Right now we are coping pretty well, trying to keep life normal. We've been busy with a sick toddler (just a cold), insurance pre-authorizations, medical provider switches, buying a 2nd car (hate car shopping), filing taxes (we owe, bummer), and other such normal tasks...

Many of you have asked if there was anything you could do. Honestly, there isn't much for anyone to do besides wait and pray. Although, if you're game for something a bit out of the box, there is a small thing you could try...

I have thought a lot about how this baby will always need a heart transplant. Kind of ironic, considering my own path to becoming an organ donor: I used to be completely against it. Not that the arguments for or against it mattered much to me, really the whole thing just creeped me out. And now I am having a baby that may someday depend on an organ transplant.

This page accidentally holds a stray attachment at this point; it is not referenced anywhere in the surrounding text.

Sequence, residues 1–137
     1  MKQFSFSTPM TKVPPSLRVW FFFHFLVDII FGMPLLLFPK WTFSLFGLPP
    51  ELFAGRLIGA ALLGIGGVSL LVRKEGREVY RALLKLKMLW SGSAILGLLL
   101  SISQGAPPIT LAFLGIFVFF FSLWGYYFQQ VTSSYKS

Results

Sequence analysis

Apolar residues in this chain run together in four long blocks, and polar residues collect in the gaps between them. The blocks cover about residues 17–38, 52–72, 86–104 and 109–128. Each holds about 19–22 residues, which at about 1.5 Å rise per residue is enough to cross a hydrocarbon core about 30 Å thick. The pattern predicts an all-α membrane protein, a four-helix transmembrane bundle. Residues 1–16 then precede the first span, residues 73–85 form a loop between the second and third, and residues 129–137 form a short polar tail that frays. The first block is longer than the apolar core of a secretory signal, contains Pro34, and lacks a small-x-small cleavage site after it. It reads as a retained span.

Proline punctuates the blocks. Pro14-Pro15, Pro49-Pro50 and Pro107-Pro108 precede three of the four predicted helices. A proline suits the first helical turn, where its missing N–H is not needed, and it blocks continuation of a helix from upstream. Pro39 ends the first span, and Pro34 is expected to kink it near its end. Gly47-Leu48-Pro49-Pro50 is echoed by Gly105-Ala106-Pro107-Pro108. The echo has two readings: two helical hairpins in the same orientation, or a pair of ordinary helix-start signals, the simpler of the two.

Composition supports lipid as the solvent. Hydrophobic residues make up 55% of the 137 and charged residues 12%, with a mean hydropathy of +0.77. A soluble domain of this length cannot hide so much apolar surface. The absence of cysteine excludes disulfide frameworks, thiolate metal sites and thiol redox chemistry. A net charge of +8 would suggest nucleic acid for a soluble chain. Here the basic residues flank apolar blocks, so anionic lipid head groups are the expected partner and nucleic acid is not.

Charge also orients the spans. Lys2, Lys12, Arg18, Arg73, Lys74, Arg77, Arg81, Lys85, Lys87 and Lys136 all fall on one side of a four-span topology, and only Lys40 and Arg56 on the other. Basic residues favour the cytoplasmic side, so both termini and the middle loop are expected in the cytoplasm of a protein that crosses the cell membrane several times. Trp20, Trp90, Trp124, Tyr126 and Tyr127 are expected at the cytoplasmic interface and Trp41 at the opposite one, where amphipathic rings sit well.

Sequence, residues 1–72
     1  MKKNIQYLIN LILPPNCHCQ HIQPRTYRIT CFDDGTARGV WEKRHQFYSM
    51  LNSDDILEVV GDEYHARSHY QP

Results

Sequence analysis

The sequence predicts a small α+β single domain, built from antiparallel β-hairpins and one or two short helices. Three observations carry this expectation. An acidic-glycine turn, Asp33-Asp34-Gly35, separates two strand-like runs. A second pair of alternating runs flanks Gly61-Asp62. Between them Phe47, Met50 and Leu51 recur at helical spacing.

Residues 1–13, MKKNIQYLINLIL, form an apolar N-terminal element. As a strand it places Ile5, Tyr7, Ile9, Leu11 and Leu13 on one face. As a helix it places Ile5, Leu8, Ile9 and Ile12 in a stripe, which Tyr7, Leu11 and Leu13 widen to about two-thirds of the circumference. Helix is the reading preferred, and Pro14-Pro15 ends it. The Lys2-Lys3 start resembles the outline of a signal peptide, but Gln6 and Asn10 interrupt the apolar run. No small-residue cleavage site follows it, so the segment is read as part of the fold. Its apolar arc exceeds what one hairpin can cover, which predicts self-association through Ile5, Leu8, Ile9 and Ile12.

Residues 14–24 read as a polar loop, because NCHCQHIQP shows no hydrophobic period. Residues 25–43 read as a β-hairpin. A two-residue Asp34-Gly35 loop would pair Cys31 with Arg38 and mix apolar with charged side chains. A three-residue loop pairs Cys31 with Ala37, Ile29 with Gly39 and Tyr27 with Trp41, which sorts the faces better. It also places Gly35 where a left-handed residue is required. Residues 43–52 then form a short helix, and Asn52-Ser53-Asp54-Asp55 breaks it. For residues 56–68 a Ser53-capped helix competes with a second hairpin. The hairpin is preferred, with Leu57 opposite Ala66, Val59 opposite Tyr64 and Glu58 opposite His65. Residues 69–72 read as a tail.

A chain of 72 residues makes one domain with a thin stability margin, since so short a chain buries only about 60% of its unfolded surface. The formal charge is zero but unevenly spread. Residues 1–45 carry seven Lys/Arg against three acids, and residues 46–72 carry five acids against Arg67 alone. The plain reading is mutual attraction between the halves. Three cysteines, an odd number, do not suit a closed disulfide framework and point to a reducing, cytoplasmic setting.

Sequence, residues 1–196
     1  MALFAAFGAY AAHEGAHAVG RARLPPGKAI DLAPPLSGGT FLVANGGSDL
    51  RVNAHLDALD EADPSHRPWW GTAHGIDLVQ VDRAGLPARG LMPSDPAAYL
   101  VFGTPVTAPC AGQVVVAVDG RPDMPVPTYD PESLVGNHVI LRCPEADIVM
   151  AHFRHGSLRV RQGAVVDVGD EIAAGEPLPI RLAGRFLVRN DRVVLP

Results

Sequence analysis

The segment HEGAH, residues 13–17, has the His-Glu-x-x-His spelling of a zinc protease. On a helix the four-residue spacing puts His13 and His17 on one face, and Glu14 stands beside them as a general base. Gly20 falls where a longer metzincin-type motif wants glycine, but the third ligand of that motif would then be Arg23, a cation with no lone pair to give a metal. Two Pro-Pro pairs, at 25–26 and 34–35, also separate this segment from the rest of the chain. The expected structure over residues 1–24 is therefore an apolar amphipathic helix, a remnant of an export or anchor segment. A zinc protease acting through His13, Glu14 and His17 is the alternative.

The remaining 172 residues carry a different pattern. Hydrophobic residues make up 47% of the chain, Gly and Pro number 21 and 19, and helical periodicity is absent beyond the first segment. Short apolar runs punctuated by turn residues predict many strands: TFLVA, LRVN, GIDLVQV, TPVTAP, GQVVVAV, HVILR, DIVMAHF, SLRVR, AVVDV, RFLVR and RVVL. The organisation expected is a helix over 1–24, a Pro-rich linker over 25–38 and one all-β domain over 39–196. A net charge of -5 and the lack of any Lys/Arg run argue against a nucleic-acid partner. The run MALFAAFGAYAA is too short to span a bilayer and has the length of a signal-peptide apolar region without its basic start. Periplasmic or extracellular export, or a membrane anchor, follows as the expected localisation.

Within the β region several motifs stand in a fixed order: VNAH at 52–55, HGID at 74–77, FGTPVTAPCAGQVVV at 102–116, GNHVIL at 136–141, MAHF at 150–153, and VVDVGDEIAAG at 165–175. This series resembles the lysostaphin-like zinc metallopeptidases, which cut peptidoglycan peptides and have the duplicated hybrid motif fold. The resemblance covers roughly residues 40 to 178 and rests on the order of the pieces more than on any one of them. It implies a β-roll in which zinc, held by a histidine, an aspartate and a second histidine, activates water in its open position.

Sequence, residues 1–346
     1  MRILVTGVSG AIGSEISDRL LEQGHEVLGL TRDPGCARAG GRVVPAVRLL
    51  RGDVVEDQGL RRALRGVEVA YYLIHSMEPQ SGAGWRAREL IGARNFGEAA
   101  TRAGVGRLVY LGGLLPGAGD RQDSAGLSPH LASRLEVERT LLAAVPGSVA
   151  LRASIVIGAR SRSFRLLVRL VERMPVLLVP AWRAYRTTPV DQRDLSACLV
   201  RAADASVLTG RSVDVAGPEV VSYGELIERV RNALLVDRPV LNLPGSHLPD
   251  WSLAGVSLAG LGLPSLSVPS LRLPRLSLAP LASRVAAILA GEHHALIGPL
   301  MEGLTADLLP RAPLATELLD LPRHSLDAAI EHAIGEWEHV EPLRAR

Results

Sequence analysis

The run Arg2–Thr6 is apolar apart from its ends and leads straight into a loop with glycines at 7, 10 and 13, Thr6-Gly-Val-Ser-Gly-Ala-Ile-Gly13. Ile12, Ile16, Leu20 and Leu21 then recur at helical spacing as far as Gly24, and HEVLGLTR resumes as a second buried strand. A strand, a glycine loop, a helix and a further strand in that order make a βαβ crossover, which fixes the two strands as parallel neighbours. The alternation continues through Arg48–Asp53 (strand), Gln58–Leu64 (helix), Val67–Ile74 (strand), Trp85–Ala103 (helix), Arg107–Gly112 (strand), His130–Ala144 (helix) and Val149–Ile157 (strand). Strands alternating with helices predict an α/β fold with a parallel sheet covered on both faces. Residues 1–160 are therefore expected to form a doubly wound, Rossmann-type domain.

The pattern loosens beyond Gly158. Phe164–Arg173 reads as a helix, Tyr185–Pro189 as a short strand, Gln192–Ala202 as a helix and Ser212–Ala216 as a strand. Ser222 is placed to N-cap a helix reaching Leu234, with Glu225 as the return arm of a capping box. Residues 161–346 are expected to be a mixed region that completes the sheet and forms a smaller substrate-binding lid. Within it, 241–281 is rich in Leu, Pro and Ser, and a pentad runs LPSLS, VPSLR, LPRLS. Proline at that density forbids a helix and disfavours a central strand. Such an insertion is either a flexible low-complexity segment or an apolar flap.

Heart donors are rare. Child heart donors are even more rare, simply because, thankfully and wonderfully, most healthy children don't die.

But I think the questions are still important to ponder: Have you considered becoming an organ donor yourself? Have you considered organ donation for your children?

I hadn't thought of it at all for my own toddler, but I have this last week. I can't fathom how I'd live without her should anything that tragic happen. And yet, I have another child who may one day depend on another parent's consent in an awful situation.

There's no right or wrong answers to these extremely personal questions, but perhaps it's something you can think on and discuss with your spouse in the next few weeks. While your decisions probably won't have any effect on our situation, it's at least something you could do for us while we all wait.

Saturday, March 17, 2012

Fetal Echocardiogram